potential problems.
Product specifications are rarely crafted as brilliantly and with the company and lose effectiveness. If they
as the Constitution and so typically require at least as are based in the home country, the meetings at odd
much interpretation.) Without clarity of communi- hours (many offshoring partners are 10 to 14 time
cations, a tremendous amount of time gets wasted on zones away from the lead company) and the need to
irrelevant tasks, and important tasks are left undone. travel across those time zones mean that organiza-
Another critical skill is that of persuasion. The tions should rotate integrators out of their positions
difficulty in many outsourced or offshored relation- within a few years, lest they leave for an easier job
ships is that the people on the other side of the with fewer time demands and less stress.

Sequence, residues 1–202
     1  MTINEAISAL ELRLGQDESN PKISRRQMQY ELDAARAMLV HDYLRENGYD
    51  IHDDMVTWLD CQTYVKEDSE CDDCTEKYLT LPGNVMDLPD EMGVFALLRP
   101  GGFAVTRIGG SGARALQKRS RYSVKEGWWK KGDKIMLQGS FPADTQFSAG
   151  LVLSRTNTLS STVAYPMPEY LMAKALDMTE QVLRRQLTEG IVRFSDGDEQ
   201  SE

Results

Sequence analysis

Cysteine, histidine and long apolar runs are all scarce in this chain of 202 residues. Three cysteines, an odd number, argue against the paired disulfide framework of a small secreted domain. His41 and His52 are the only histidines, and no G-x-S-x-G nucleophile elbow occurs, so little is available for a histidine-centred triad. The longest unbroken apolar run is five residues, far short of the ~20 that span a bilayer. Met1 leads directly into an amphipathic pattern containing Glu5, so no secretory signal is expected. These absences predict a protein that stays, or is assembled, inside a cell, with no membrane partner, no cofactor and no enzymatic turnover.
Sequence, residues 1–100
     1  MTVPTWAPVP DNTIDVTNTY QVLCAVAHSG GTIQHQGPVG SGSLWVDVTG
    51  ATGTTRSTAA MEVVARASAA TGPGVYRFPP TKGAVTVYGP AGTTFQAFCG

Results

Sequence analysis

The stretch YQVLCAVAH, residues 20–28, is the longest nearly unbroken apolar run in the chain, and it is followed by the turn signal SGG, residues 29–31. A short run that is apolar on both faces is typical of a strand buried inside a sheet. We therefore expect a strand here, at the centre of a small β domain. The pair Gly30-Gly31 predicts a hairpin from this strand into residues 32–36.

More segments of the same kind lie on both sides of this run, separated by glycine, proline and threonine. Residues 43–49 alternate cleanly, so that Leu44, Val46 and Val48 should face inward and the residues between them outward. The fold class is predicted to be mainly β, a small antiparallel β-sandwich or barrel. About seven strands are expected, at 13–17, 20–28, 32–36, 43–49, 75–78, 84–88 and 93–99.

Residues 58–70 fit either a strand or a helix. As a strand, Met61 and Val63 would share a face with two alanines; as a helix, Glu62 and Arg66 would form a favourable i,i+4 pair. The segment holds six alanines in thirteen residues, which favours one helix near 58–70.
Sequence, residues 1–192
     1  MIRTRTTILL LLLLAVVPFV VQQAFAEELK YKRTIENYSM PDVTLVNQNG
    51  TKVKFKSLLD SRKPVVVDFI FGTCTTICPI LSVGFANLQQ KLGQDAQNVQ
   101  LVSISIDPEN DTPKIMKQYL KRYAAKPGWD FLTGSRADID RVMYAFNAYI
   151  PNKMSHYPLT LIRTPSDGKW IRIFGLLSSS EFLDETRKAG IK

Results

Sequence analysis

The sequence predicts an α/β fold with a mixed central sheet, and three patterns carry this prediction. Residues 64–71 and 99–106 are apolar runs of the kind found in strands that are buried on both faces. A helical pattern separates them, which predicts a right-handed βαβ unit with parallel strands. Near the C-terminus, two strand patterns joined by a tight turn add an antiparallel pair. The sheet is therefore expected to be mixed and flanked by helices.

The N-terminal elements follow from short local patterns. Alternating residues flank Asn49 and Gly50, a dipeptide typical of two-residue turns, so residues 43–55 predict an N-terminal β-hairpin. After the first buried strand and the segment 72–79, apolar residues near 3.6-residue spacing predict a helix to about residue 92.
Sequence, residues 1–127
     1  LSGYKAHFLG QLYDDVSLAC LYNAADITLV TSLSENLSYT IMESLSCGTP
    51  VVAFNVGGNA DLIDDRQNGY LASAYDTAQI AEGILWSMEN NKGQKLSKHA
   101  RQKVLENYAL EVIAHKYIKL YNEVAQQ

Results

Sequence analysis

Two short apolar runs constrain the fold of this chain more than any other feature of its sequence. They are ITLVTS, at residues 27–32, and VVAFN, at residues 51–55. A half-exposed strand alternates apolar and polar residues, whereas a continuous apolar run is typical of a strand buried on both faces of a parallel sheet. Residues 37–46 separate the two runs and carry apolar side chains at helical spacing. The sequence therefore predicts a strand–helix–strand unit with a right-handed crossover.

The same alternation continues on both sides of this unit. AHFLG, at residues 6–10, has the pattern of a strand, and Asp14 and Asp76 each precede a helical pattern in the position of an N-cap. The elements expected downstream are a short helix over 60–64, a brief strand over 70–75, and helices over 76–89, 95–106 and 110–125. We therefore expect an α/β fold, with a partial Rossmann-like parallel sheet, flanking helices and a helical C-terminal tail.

boundary (the supplier side) do not directly report Providing appropriate compensation is also a
to the value chain integrator. In fact, the first level of challenge. Integrators can look like individual con-
common management may be many levels up in off- tributors even when managing a large virtual
shoring relationships and may not exist at all in team; if that is the case, it may initially be hard to
outsourcing. In either case, the integrator lacks the justify attractive salaries. Executives who were at
power to compel the supplier to do something his Hewlett-Packard when it set up its value chain inte-
way. The delays that occur when such issues get es- gration program in the 1990s found a way around